This is a neat video on firestarting with a kit that is not only pretty cool but convenient since it contains everything you might need all in one place.
Kevin: Hey, Iím Kevin the paracordist. I want to take this opportunity to show you one of my favorite items, the paracord Firesteel and Tinder Neck Kit. This kit consists of a super scraper, a paracord-handled firesteel, a jute fob, a magnesium stick. Itís softer than those lousy Wal-Mart versions that you see, so itís easier to scrape if youíve used them before. On this particular one, a fatwood stick that I harvest myself from the woods here in New Hampshire.
Starting off with the firesteel, for those of you that arenít familiar with one, essentially rubbing or scraping the scraper across the surface of the steel creates sparks. An easy scrape, a little poof of sparks, a harder scrape, lot of sparks, dancing all over the place. Often the firesteel itself, with some good dry tinder that you can find, either dry grass, sometimes leaves and pine needles, the fluffier the natural tinder, the better. Sometimes the firesteel is all it takes to light that up.
This stuffís a little bit damp, took three or four strikes and I didnít get it. Rather than waste your time and efforts and firesteel, I usually go to my first alternative, good for 99% of the circumstances. That's the jute fob, basically designed so that you can cut a piece of ... about half an inch or so is all you need and it wonít unravel. This fob right here contains five feet of jute, so simply cutting off a piece from the end. You can see here the way I designed the knot. It doesnít unravel any further. Take the piece that you cut off and just unwind it a bit, fluff up the pieces, the cords. Make yourself a little nest, takes couple of seconds.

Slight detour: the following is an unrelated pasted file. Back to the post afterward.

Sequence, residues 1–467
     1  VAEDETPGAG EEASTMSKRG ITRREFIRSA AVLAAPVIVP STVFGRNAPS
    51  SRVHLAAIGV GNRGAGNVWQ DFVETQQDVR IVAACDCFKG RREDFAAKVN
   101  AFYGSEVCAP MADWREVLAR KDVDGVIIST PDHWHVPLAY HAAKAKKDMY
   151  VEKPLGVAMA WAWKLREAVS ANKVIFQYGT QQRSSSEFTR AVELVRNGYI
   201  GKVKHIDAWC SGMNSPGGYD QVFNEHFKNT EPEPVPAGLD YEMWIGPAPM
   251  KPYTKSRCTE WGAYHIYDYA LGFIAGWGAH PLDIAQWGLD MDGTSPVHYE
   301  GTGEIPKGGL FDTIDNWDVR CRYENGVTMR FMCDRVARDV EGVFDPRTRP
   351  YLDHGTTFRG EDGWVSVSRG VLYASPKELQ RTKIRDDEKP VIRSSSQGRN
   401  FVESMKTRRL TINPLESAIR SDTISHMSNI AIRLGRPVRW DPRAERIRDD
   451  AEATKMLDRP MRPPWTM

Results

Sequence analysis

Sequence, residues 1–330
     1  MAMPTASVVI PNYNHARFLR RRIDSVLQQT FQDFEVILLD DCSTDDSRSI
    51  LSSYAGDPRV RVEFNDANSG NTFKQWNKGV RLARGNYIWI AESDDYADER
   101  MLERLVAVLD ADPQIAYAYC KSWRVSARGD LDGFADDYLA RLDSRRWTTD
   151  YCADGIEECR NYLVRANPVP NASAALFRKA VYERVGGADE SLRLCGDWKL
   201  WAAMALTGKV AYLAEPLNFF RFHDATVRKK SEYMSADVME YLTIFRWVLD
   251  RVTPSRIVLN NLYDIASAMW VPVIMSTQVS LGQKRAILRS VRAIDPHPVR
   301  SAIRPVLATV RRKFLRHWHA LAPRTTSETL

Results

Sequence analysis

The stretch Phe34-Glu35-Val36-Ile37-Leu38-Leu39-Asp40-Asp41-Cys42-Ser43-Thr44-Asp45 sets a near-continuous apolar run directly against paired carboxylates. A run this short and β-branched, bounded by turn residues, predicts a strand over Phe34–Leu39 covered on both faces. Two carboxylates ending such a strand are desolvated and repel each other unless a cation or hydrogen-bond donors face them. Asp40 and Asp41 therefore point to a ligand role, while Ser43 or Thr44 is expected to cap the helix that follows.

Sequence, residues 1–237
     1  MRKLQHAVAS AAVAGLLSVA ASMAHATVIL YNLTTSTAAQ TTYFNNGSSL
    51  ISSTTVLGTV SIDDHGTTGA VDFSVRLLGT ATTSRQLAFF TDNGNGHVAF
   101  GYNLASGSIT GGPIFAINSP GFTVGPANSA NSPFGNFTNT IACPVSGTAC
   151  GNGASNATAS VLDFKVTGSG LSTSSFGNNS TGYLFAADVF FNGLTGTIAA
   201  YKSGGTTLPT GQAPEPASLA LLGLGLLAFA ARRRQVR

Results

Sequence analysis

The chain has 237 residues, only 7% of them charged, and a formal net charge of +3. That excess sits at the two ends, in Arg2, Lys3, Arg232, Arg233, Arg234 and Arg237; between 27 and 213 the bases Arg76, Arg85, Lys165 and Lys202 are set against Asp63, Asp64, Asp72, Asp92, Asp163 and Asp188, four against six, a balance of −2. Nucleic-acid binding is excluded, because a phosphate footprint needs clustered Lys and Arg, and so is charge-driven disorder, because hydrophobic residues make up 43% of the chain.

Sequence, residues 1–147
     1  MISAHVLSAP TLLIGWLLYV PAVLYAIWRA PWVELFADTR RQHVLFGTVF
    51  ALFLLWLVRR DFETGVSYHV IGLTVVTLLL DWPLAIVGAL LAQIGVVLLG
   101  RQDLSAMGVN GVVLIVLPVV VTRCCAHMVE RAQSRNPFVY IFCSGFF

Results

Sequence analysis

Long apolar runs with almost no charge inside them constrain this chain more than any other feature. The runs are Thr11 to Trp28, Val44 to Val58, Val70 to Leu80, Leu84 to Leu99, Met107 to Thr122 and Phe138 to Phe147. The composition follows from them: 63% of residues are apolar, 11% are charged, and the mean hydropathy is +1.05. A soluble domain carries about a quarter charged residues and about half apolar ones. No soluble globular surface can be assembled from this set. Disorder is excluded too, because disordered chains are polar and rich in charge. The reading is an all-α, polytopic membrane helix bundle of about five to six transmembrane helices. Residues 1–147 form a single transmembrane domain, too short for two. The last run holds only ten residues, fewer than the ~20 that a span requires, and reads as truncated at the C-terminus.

The beauty of this stuff, as long as itís dry, itíll take a flame, it'll take a spark from the firesteel and give you flame, very very easy. I could fluff that up more, but I really donít need to. Take the firesteel, place the scraper on top and pull back. See, weíve got flames. If I was building a fire, I would take something like birch bark maybe, some other form of tinder. Transfer that flame, build up my fire. Thatís the jute fob, thatís easy.
Iíve got some water over there, so let me go ahead and grab it. Show you what youíre up against when this thing gets wet. With the aid of my kidís toy bucket here of water, what Iím going to do now is dunk the entire kit in water. You can see still thatís still burning down there. (Laughs) Anyway, the whole thing dripping with water, you see that? That essentially renders the jute fob useless. Now thatís out of the picture, imagine I fell over in the canoe or fell into some icy water or something. This is what Iím left with.